The photo shows a partial section of the expedition cards. These show an aerial sketch of the environment of the amazon. It shows areas of the amazon rainforest, the river amazon, the cliffs, and clearings. The yellow meeple shows the current location of the remaining explorer Bessie. Unfortunately Roy and Candido her companions have been lost on the journey. This is why the cards are turned over to represent their deaths.
Alone Bessie continues her journey through the jungle despite the loss of her fellow adventurers.

Players have to manage the adventurers’ health as well as their food and ammunition supplies, balancing this with progression through the jungle. As the explorers hike through the jungle, the players decide which adventure cards they will encounter and must decide which resources to lose or gain… even who will live and who will die. Real-life explorers would face similar challenges.

This is so refreshing because The Lost Expedition has been designed in its entirety (mechanics and aesthetic) to embrace the look and feel of an expedition. Every adventure card, every decision, and all the components make perfect sense with the games theme and narrative. This is in contrast to other popular games like Sagrada (published by Floodgate Games) – no doubt a brilliant game but the theme is thinly veiled. It’s almost exclusively held together by the beautiful components. But changes to the design could easily have changed the game to a landscape gardening or a patchwork quilting game without changing the gameplay mechanics.

Telling the story

A deeply thematic narrative runs through The Lost Expedition this is presented to you through the artistic adventure cards and their simple yet effective symbols. The Events, Choices and Options on each card are linked to the cards name and artwork, so the actions your explorers are taking make sense within the narrative. This allows the Expedition Leader to add a pinch of storytelling embellishment to the game, should they feel so inclined. So when presented with the Cougar card you could say:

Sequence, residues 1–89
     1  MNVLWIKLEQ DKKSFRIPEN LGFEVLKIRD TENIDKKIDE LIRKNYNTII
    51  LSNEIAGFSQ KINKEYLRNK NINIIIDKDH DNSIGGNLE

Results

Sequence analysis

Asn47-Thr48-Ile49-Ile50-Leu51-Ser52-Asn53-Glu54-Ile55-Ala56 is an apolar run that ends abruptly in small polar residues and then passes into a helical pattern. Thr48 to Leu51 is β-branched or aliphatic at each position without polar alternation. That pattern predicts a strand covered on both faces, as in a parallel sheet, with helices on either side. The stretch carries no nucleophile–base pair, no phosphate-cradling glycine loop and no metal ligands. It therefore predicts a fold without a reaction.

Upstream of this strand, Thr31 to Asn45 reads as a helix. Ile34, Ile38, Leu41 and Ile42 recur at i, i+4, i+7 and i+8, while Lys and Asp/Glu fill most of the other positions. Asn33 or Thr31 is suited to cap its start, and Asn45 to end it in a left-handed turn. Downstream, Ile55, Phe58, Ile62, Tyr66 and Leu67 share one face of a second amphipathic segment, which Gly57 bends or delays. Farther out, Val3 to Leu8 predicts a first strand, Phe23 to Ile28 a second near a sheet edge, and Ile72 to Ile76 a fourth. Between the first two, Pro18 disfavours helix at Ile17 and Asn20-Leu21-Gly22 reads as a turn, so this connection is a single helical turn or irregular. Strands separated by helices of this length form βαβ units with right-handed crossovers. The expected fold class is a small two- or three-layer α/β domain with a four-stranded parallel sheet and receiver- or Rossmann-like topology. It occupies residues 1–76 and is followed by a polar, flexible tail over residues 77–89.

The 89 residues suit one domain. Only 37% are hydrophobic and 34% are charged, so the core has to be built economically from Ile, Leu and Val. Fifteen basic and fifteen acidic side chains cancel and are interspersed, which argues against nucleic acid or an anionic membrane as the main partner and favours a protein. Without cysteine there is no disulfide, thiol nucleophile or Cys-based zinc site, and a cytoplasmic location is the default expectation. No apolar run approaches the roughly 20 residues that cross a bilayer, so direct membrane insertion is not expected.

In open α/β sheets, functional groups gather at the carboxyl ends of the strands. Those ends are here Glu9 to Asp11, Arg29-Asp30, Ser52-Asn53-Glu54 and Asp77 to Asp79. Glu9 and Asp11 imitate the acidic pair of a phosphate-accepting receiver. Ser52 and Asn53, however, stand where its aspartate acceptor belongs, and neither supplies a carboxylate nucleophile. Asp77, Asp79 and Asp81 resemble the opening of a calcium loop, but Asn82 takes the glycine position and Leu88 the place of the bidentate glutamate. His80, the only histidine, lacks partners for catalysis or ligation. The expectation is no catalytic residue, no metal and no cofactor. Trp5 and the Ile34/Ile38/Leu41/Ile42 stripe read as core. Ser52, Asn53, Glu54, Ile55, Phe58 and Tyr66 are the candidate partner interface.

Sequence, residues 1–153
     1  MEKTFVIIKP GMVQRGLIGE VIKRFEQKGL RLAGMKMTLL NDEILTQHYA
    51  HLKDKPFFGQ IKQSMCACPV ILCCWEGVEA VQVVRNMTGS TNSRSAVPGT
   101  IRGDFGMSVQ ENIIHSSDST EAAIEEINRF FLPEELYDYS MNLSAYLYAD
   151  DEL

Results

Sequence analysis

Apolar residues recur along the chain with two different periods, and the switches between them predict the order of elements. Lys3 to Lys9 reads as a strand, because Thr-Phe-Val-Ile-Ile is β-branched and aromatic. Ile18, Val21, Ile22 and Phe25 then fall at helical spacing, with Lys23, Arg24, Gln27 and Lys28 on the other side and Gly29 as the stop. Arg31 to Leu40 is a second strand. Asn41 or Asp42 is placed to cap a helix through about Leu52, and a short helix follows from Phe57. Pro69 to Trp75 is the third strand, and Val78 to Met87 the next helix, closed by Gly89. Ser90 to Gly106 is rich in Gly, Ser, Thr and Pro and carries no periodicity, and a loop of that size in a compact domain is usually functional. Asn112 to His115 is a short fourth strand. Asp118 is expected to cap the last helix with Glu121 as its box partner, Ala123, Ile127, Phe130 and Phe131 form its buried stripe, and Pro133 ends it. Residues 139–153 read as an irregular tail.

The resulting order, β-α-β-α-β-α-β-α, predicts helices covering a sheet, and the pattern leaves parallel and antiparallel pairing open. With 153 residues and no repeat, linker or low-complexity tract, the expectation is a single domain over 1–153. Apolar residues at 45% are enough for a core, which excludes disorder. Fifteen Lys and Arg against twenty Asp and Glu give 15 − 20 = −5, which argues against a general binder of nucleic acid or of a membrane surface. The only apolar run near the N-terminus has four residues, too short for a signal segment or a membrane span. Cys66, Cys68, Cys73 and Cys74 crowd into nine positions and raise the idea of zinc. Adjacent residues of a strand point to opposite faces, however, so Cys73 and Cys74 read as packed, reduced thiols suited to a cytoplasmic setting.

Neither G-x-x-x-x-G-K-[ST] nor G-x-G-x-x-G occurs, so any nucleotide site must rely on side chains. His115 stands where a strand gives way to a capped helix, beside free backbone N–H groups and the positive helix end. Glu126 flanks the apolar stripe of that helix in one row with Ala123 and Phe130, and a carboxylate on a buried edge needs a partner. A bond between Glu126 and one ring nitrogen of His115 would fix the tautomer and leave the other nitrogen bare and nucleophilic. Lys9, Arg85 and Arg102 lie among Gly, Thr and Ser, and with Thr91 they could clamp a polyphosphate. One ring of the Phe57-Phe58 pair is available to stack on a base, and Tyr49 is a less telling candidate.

IMG_5668

‘Ok, so next up is the cougar we can either lose a jungle expertise or we can lose a bullet and gain a navigation expertise. What do you think?’

Or alternatively:

‘We come across a wild cougar. We have to think quickly but we can either use our knowledge of the jungle to outwit the cougar, or we can shoot it and gain navigation experiences by following its footprints deeper into the jungle. What should we do?’

It’s not primarily a story-telling game so this is not a necessity. But it’s a nice touch as by taking your explorers through the situations and encounters presented on the adventure cards you are in fact telling the story of their expedition. As a player you become the author and narrator of their tale deciding the challenges the explorers will face and how they will resolve them… and ultimately deciding their fate.

What do you dislike the most about ‘The Lost Expedition’?

  • Limited Variation:

The Lost Expedition is easy to learn. The limited rules and well thought out use of symbols make it easy to get familiar with once you’ve played it a couple of times. This makes the game great for teaching to new players and the difficulty in winning the game will keep more experienced gamers wanting to play it as well.

However…despite being a game about exploring the vast unknown, once you’ve played The Lost Expedition a few times you’ll know the cards well enough to know what will happen when you enter the jungle. The gameplay feels rather narrow because you’re faced with limited options each turn. You won’t know the order or which adventure cards your explorers will face when, but you know exactly what your game will feel like. It’s easy to draw a comparison to a game like Pandemic (Matt Leacock, ZMAN Games) where you know you will be facing spreading diseases but you don’t know how they will spread in each game. However, due to the breadth of different characters and different actions available Pandemic it is able to withstand game after game without the feeling to repetitive. I’m not so sure The Lost Expedition will.